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Communications and Cancer: Changing the Conversation

The statistics are overwhelming—in 2018 alone, over 1.7 million cases of cancer were diagnosed in the U.S. And with such an unwelcome volume in the population, cancer has long been seen as something we “fight,” going back as far as when former President Richard Nixon signed the National Cancer Act, or, “The War on Cancer,” in 1971. The way many healthcare professionals talk about cancer hasn’t changed. The way most healthcare marketers communicate about it hasn’t either. And there are consequences.

“Science is telling us that the war metaphor is toxic,” says Chrisie Scott, Senior Vice President and Chief Marketing Officer, Virtua Health (Marlton, NJ). “I’m constantly editing copy, and this language is always there. You can’t blame us, because cancer sets itself up for a perfect war metaphor. There is an enemy, and it is cancer. There are soldiers (patients), commanders (health teams), allies (families), and even weapons (treatment). The question is, has this language been helpful, or hurtful? If we knew something was hurtful for patients, we wouldn’t do it anymore, so shouldn’t the same thing be true about communications?”

Nonviolent Language

Through extensive review of how patients with cancer discuss their conditions and lifestyles on online forums, Scott and other researchers discovered that the violent metaphors are not just shunned—they don’t even exist in patients’ everyday conversations with one another.

“We’ve taken the lexicon of cancer and war and turned it into what we believe is the language of the consumer,” Scott says. “But when we look at patients with cancer, they are not using this same terminology. As marketers, we’re disciplined in understanding our audience and segmentation of audience. Yet, when it comes to cancer, we have all taken this shortcut and easily fallen into a metaphor that we can’t shake regardless of research.”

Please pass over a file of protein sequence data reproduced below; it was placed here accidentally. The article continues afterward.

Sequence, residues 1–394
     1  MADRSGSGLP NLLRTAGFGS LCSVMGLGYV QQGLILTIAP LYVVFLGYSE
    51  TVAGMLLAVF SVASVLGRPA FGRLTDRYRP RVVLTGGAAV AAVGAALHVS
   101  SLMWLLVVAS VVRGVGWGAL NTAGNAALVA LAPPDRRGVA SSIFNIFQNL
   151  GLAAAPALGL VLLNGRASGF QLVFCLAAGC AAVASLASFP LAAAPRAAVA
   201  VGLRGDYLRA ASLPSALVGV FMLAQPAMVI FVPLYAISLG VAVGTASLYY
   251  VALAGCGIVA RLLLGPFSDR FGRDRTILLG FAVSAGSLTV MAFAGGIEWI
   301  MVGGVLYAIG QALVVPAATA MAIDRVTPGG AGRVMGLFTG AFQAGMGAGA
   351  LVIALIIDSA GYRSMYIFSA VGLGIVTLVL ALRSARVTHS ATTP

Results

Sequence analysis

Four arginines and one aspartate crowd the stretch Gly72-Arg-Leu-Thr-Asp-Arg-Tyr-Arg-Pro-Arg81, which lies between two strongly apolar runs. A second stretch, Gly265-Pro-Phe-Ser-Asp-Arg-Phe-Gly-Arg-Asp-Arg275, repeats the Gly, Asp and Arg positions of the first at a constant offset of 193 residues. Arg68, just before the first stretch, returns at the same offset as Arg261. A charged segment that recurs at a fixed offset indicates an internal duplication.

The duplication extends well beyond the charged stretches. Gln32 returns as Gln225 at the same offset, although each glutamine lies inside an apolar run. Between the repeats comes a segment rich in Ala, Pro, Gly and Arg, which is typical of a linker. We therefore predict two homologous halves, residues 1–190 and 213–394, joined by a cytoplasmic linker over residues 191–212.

And, the continued perpetuation of this language may be inhibiting preventive behaviors as well as end-of-life discussions.

“Patients are less likely to engage in things that could help them, like cutting back on red meat and not smoking, when they’ve been exposed to terms like battling and fighting,” Scott says. “They see cancer as the enemy and not as something they can do anything about. Most people who have cancer do not feel brave. And making them feel like they could do something different to affect their outcomes is offensive.”

Additionally, someone at a terminal end of diagnosis may be reluctant to have end-of-life discussions because they don’t want to be seen as “giving up” or “losing a battle.” In fact, a U.K. study found that 27 percent of those with a cancer diagnosis in a 2,005-person cohort were reluctant to discuss dying out of fear they would not be considered courageous. Similarly, the study also found that 28 percent of people felt guilty if they were negative about their condition.

Personalized Messaging

In an effort to more genuinely connect with consumers in shaping an upcoming campaign, Virtua Health is using journey mapping to create more personalized communications.

“We’re gathering observations that provide some rich, deep insights into the patient journey,” Scott says. “We’re considering, for example, whether or not someone has a family history of cancer, if their diagnosis was a complete surprise, how old they are, and whether or not they have supportive family. All those things factor into someone’s journey.”

By integrating journey mapping into its marketing strategy, Virtua’s messaging can be more relevant based on what a patient is currently experiencing. This, in turn, allows the communicator to play a meaningful role in the consumer’s life.

“Patients are overwhelmed with information,” Scott says. “They’re desperately seeking a trusted source of information. We thought, can’t we, as content experts, be that trusted source? My belief is that Virtua, through this campaign, is going to be more relevant and trusted. Consumers are not going to think we took a cookie cutter template and used it to send them a message. As strategists and marketers, when any kind of messaging has to do with cancer, we have to look at the research and not talk about it the same way we are used to. We have to consider our impact.”

Learn more! Hear how other healthcare leaders are rethinking their communication standards. Order the 2019 Healthcare Marketing & Physician Strategies Summit Playback.

Exclusive Benefit for Forum Members! Hear more about changing the cancer conversation in this session with Chrisie Scott, Dean Browell, Lei Wang, and Terri Goren (recorded at the 2019 Healthcare Marketing & Physician Strategies Summit).

This post was developed in partnership with True North Custom, the official content partner for the 2019 Healthcare Marketing & Physician Strategies Summit.


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